Wounds in the Middle Ages (Hardback) book cover

Wounds in the Middle Ages

By Anne Kirkham, Cordelia Warr

© 2014 – Routledge

270 pages

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Paperback: 9781138245822
pub: 2016-09-09
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Hardback: 9781409465690
pub: 2014-05-13
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pub: 2016-02-11
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Description

Wounds were a potent signifier reaching across all aspects of life in Europe in the middle ages, and their representation, perception and treatment is the focus of this volume. Following a survey of the history of medical wound treatment in the middle ages, paired chapters explore key themes situating wounds within the context of religious belief, writing on medicine, status and identity, and surgical practice. The final chapter reviews the history of medieval wounding through the modern imagination. Adopting an innovative approach to the subject, this book will appeal to all those interested in how past societies regarded health, disease and healing and will improve knowledge of not only the practice of medicine in the past, but also of the ethical, religious and cultural dimensions structuring that practice.

Reviews

'… The work is documented with footnotes and end-of-chapter reference sources … primary sources have been cited and used throughout, making this a useful work for those conducting studies on societal culture in the Middle Ages. Recommended. Medieval history library collections, graduate students and above.' Choice '… will provide stimulating reading for historians interested in medicine, surgery, the body, and religious materiality.' Medieval Review 'The editors should be applauded for including articles on a very broad range of topics related to wounds… all readers of Medical History will find chapters that educate and enlighten them.' Medical History

About the Authors

Dr Anne Kirkham is a research associate at the University of Manchester. She obtained her PhD in 2007 and has published an article on St Francis of Assisi in Revival and Resurgence in Christian History (Studies in Church History, vol. 44, 2008). Since 2008, she has taught in the department of Art History and Visual Studies and researched, with Cordelia Warr, medieval wounds and has also co-supervised medical students researching dissertations in the history of medieval medicine. Dr Cordelia Warr is senior lecturer in Art History and Visual Studies at the University of Manchester. She has published on Dressing for Heaven (2010), has co-edited two books on art in Naples with Janis Elliot (The Church of Santa Maria Donna Regina, 2004, and Art and Architecture in Naples, 1266-1714, 2010), and is currently working on the representation of stigmata between the thirteenth and seventeenth centuries.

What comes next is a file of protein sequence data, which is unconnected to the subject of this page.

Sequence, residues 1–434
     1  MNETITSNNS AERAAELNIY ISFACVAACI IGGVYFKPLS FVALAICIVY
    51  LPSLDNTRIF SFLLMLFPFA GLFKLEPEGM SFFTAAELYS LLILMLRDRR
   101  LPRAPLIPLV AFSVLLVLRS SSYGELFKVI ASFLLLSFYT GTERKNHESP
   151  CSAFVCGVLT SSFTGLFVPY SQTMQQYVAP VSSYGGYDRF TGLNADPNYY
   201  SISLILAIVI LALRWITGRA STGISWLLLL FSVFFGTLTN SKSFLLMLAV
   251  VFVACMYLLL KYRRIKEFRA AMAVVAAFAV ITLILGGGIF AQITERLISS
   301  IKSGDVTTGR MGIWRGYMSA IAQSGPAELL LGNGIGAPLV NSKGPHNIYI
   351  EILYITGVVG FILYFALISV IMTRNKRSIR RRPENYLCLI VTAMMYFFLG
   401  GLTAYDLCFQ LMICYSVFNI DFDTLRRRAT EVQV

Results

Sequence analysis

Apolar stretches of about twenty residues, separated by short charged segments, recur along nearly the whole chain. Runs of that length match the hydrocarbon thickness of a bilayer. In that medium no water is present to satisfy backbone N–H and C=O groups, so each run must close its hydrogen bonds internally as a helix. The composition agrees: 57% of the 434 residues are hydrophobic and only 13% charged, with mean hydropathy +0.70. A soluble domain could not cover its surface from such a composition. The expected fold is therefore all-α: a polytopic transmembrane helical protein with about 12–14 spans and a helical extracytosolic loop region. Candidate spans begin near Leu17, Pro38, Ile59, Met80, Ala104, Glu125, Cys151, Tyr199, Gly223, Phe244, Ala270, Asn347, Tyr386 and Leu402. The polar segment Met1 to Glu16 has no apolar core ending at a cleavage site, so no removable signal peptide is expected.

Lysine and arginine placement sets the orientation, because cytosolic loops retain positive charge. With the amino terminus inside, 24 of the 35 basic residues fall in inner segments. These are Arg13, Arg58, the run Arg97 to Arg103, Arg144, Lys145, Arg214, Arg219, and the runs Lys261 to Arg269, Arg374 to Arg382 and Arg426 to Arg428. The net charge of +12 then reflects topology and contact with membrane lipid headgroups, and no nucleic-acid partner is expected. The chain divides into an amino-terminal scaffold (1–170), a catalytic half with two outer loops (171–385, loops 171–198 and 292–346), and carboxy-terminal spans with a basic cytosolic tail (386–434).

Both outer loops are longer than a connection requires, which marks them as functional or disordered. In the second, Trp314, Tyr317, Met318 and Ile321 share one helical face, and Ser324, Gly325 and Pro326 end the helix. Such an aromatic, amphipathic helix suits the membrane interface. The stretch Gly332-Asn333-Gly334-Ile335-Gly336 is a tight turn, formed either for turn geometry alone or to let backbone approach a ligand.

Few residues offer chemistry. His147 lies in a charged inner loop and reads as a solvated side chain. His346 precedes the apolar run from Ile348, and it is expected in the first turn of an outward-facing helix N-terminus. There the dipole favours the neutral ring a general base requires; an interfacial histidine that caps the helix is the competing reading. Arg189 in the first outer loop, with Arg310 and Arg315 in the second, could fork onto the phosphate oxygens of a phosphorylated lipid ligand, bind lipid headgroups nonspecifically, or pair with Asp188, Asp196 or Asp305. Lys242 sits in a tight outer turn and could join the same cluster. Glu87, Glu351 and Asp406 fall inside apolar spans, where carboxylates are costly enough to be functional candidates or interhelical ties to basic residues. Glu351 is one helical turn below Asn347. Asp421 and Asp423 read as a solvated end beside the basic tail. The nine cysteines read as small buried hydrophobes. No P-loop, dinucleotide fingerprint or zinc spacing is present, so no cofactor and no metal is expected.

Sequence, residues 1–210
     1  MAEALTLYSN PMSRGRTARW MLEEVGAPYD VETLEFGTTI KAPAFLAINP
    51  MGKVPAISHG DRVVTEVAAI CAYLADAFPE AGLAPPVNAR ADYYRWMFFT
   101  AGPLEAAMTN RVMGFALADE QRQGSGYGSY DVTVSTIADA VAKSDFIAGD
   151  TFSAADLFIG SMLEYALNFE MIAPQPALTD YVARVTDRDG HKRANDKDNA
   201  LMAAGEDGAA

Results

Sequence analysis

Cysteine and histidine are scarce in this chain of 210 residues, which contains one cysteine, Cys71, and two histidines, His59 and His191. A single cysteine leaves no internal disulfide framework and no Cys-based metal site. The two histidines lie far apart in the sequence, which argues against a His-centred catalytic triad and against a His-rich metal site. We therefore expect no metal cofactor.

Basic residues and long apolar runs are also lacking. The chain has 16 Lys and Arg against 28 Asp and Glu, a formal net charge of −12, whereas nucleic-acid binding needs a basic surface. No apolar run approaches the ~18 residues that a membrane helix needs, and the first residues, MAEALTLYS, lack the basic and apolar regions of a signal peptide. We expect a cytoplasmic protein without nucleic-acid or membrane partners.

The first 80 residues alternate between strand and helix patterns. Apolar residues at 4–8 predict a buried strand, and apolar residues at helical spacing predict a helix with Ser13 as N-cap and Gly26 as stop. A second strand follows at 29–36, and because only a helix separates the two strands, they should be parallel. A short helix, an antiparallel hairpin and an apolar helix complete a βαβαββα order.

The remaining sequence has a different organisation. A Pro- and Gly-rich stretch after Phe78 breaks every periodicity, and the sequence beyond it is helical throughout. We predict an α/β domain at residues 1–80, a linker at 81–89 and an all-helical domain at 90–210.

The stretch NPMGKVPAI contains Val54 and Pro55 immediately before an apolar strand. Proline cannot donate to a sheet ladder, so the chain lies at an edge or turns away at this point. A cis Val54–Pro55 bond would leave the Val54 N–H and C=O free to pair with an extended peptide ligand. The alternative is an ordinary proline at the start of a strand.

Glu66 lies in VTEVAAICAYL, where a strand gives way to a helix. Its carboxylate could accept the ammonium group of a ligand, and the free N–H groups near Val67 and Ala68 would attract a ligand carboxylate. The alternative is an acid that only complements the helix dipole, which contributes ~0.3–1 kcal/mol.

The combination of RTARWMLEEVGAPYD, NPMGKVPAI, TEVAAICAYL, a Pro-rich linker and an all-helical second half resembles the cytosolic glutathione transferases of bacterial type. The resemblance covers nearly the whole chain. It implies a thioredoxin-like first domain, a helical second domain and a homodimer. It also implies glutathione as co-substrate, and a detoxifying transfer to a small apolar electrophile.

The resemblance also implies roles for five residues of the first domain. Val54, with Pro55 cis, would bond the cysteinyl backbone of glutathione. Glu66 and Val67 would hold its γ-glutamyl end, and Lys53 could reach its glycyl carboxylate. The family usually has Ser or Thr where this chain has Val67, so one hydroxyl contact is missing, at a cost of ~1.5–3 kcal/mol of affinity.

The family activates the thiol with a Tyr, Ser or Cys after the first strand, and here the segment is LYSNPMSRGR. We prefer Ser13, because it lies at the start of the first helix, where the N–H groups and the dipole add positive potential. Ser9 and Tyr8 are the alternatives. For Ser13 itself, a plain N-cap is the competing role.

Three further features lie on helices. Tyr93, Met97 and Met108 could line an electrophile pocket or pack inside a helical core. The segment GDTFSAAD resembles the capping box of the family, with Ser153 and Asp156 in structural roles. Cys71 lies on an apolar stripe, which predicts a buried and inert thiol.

About the Series

The History of Medicine in Context

The History of Medicine in Context

An interest in medicine is one of the constants that re-occurs throughout history. From the earliest times, man has sought ways to combat the myriad of diseases and ailments that afflict the human body, resulting in a number of evolving and often competing philosophies and practices whose repercussions spread far beyond the strictly medical sphere.

For more than a decade The History of Medicine in Context series has provided a unique platform for the publication of research pertaining to the study of medicine from broad social, cultural, political, religious and intellectual perspectives. Offering cutting-edge scholarship on a range of medical subjects that cross chronological, geographical and disciplinary boundaries, the series consistently challenges received views about medical history and shows how medicine has had a much more pronounced effect on western society than is often acknowledged. As medical knowledge progresses, throwing up new challenges and moral dilemmas, The History of Medicine in Context series offers the opportunity to evaluate the shifting role and practice of medicine from the long perspective, not only providing a better understanding of the past, but often an intriguing perspective on the present.

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Subject Categories

BISAC Subject Codes/Headings:
HIS037010
HISTORY / Medieval
MED039000
MEDICAL / History